Festival Theatre, Fri Jun 20
The King’s Singers are truly breathtaking. There is nothing outrageous about the concept they present – six men on stage singing a cappella – but it is the outstanding arrangements, vocal skill and beautiful sound produced as a group that turned tonight into a magical experience.
The King’s Singers were founded in the late 1960s at King’s College, Cambridge and have retained their classic 6-part male choral sound, despite new members since their inception. They are celebrated the world over, have done countless recordings and are the recipients of two Grammy Awards.
Tonight was the Australian Premiere of Great American Songbook, which celebrates great American composers Irving Berlin, Cole Porter and George Gershwin with powerful arrangements, performed in The King’s Singers signature style. Audience favourites included, Cry Me A River, My Funny Valentine, The Lady Is A Tramp, Cheek To Cheek and Let’s Misbehave.
The six voices range from the low, robust bass of Jonathan Howard to the high, haunting countertenors David Hurley and Timothy Wayne-Wright. In the middle are baritones Christopher Gabbitas and Christopher Bruerton as well as tenor Paul Phoenix, all of whom sound marvellous. Each of the singers has their solo moments, but the six voices come together as one instrument when they sing together. They harmonise brilliantly and their blend of voices is absolute perfection.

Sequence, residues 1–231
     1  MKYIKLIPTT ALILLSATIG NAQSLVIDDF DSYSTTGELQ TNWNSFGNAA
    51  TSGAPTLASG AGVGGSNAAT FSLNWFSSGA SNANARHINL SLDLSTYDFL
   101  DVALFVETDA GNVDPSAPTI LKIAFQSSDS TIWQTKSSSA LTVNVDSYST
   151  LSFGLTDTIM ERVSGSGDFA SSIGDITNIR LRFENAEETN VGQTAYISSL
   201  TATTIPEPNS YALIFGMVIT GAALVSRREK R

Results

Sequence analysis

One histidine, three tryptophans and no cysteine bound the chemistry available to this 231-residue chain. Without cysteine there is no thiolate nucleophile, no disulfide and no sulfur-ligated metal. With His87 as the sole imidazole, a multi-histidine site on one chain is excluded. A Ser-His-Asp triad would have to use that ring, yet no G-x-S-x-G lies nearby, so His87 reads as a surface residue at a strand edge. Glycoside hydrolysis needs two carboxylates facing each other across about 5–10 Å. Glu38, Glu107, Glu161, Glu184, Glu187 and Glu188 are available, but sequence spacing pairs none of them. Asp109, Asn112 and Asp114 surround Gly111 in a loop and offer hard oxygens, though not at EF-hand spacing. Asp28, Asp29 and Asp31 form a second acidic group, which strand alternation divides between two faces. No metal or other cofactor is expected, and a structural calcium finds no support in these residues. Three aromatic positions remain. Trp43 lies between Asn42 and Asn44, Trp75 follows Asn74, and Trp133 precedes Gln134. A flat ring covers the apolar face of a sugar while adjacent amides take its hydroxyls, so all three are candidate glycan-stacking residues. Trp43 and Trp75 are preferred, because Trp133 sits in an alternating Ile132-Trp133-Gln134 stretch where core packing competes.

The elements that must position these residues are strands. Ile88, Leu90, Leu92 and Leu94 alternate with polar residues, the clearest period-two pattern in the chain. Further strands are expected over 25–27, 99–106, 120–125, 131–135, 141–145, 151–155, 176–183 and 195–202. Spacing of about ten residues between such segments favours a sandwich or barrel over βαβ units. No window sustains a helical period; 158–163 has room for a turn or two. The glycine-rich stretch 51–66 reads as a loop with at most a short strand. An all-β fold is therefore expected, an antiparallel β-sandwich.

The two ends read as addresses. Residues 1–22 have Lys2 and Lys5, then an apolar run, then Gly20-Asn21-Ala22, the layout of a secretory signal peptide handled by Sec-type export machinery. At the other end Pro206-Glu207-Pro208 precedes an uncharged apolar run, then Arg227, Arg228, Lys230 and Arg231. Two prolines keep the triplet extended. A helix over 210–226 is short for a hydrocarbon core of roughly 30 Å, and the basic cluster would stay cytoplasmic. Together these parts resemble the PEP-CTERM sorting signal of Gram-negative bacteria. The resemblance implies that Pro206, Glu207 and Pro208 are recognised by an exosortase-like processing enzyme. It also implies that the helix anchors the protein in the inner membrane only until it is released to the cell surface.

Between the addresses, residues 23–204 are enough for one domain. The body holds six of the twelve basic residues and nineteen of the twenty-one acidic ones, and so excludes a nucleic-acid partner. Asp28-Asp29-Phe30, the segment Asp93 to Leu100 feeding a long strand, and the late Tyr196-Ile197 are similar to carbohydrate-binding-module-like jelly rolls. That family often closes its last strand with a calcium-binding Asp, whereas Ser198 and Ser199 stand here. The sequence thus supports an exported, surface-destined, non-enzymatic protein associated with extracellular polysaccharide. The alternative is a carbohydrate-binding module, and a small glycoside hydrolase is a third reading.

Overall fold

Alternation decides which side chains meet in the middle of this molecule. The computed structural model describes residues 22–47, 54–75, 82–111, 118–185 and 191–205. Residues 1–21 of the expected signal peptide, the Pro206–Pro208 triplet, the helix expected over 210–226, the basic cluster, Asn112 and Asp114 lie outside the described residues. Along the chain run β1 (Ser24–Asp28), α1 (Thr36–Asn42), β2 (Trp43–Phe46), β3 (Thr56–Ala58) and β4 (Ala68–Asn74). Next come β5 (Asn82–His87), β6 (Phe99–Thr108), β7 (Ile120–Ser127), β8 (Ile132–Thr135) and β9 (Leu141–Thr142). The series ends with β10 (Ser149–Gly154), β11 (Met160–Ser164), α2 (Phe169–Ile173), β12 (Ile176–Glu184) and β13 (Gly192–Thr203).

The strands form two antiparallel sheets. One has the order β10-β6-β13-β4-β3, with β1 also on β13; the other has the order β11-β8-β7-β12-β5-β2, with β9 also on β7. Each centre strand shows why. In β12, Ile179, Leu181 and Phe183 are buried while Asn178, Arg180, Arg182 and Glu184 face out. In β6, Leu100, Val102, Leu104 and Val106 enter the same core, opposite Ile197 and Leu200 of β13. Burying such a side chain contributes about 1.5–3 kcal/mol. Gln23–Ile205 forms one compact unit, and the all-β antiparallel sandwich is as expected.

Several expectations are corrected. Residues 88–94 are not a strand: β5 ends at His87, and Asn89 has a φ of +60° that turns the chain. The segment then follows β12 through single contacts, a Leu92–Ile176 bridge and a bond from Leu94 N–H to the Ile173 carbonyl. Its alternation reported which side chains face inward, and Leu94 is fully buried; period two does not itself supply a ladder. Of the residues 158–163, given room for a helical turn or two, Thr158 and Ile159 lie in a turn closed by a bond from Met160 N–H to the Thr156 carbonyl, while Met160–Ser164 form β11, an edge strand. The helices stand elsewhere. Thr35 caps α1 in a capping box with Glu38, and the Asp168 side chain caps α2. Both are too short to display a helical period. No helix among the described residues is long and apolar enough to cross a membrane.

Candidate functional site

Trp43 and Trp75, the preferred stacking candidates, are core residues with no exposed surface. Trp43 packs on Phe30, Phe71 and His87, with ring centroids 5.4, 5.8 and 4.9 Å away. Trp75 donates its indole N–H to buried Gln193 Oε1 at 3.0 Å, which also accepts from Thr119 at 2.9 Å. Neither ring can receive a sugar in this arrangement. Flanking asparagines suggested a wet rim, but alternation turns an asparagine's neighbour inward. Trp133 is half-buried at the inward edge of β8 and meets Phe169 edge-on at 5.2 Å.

These singers are, of course, completely charming in their sophisticated British style with gentle touches of wit. All in dashing suits, they are the clean cut gentleman every mother wants as a son-in-law. Their minimal movements, specific placement on stage and excellent lighting ensures it is visually appropriate and pleasing.
Unfortunately this was a one-night-only performance for the 2014 Adelaide Cabaret Festival beginning their Australasian tour, but I encourage you to grab your tickets immediately if they ever do come back to Adelaide.
by Bobby Goudie